A real estate agent is happy to help you list your house, promote it to prospective buyers and host home showings and open house events. Plus, if you receive an offer to purchase your residence, a real estate agent can provide recommendations about whether to accept, reject or counter this proposal. A real estate agent will even negotiate with a buyer's agent on your behalf so you can maximize your house sale earnings.

Spend some time upgrading your residence's curb appeal – you'll be glad you did. If you can improve your home's curb appeal, you may be able to stir up lots of interest in your residence and reap the benefits of a quick, seamless house selling experience.





Posted by Steven Sawyer (Central NH) on 3/25/2018

If your home is on the market, you may wonder why it hasn’t moved off the market. There are many ways to make adjustments to the price of your home, but if not done correctly, you could sabotage the sale of your home. Let’s say that you have your home as an FSBO (For sale by owner.) Buyers may wonder what’s behind the price of the house. Does the seller genuinely want to move the home to the sold category quickly? Why has the home been for sale so long? 


You could face the same problems if you’re working with an agency. The difference is that s a seller, the agency is by your side, helping you to make the right decisions when it comes to pricing your home.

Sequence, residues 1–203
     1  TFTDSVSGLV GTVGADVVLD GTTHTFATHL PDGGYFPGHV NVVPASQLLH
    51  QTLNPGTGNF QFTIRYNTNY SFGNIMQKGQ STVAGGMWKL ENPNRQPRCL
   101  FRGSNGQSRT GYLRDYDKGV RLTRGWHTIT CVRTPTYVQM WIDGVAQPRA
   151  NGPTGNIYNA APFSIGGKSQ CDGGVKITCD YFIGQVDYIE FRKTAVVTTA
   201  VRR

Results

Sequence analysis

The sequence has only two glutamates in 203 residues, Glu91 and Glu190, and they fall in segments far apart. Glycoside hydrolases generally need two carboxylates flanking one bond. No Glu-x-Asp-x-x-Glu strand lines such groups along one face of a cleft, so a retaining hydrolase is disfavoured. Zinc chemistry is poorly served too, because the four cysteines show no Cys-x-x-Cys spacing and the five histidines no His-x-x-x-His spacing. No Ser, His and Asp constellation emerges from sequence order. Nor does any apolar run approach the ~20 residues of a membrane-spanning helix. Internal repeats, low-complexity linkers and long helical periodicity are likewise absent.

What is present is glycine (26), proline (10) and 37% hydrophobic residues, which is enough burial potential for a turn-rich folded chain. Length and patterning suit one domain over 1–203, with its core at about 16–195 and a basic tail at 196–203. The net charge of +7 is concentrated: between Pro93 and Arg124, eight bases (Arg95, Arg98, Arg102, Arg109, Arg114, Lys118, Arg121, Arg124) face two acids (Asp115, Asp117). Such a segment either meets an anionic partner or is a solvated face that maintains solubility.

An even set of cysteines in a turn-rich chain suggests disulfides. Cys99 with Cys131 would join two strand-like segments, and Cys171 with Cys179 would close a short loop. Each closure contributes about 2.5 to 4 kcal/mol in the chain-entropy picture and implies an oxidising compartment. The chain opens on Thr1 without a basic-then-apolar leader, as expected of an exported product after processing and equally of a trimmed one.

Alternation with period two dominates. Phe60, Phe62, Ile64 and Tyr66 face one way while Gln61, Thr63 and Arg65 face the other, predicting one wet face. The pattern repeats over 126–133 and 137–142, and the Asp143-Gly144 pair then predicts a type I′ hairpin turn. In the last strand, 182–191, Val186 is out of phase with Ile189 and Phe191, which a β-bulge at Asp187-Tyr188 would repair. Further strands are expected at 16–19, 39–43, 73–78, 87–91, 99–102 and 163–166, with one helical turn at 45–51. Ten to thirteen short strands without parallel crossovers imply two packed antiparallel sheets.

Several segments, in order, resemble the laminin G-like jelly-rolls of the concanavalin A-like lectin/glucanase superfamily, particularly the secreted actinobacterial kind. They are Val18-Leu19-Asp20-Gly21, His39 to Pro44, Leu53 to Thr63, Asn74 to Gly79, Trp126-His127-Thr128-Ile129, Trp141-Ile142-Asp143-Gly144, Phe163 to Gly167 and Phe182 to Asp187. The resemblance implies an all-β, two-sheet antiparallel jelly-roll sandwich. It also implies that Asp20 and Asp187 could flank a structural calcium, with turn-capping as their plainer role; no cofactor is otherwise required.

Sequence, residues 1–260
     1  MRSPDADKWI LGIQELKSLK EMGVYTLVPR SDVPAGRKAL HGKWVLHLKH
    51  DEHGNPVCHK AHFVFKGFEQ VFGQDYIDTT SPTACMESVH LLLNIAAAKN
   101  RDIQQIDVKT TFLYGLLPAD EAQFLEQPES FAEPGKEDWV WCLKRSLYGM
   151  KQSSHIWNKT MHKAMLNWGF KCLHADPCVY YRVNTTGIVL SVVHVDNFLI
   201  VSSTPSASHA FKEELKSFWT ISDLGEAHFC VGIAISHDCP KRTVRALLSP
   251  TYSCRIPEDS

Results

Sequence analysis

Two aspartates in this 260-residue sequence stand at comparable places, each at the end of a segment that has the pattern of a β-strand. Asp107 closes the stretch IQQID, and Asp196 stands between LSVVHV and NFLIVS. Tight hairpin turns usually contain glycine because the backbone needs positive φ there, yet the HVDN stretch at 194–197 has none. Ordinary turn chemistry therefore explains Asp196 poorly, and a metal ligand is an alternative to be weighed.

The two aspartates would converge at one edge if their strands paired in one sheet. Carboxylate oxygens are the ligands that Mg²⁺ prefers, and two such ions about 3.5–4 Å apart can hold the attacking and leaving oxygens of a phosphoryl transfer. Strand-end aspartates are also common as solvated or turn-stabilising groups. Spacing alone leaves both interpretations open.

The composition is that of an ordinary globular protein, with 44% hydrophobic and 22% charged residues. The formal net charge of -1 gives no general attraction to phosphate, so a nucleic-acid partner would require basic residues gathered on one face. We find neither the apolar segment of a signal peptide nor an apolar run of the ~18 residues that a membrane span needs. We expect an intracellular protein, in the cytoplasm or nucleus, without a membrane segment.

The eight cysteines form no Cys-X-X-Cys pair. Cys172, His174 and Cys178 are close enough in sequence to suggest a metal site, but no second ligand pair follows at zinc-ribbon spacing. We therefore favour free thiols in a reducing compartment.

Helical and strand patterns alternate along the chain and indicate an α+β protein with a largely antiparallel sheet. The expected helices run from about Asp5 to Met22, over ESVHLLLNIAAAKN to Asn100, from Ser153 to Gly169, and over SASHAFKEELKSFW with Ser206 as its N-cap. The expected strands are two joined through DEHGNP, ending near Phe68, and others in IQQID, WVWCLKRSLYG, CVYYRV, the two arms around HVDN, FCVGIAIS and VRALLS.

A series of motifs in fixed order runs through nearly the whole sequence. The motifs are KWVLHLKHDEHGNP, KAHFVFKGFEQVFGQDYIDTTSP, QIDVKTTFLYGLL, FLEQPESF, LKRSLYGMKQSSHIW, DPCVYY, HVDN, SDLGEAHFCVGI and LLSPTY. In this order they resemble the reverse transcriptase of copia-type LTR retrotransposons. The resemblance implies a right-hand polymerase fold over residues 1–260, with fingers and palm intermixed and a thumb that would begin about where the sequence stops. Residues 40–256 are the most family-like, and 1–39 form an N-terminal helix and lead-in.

Realistic Expectations


You need to be realistic when pricing your home as a seller. Of course, you want to make a return on your home. Of course, you think your home has great value. The critical point is that you need to understand the state of the market along with the neighborhood your home is located. So much goes into the pricing of a house. 


Investigate


Along with your agent, you can do some investigating to see where some improvements could be made in marketing your home. Look at the following:


How has the house been received on the MLS?

Are the significant benefits of the home highlighted?

How many open house opportunities did buyers have?

Are there good pictures of the house online? 

Do the signs leading to the house stand out? 

Can you add anything to the marketing of the home like a virtual tour? 


While real estate agents have general guidelines as to how a home at a certain price point should be marketed, you can always be your own advocate.


The Consequences Of High Pricing


If you price your home too high, there are some consequences. Your home will stay on the market for an extended period of time if it's overpriced. Buyers will wonder why the house has been listed for so long, wondering if there’s something wrong with the property. Buyers will wait even longer to bite on the home in these circumstances because they are waiting for a price drop. 


The Solution


The best thing you can do in this circumstance is to take your home off the market. Work with your real estate agent. He can let you know whether it’s a good time to re-list the home. Perhaps you can make some improvements to the property in the meantime. A fresh listing and a clean look at the house may help buyers to find the property more easily at a price that pleases them!